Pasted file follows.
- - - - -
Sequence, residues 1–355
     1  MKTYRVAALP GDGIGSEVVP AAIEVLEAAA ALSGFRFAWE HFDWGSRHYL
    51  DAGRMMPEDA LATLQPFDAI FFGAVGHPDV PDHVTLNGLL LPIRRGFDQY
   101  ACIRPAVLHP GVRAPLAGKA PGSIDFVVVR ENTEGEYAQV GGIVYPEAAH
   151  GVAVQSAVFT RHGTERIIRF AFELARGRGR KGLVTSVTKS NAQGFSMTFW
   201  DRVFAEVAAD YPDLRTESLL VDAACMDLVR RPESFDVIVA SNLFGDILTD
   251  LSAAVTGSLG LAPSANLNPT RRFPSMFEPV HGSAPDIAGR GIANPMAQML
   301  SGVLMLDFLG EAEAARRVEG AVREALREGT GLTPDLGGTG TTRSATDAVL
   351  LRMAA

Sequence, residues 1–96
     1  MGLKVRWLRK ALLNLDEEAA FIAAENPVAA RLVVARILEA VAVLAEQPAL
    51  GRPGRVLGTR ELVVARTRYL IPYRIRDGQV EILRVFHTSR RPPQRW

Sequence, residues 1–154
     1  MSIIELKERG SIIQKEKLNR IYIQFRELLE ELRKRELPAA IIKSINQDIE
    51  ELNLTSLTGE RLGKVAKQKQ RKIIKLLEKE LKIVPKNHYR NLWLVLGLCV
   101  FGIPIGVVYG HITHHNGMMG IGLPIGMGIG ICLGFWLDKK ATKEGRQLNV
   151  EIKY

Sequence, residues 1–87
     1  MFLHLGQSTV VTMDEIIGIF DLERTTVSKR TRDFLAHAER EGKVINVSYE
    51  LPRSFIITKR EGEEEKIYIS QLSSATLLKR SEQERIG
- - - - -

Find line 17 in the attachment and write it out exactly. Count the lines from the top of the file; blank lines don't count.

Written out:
   151  EIKY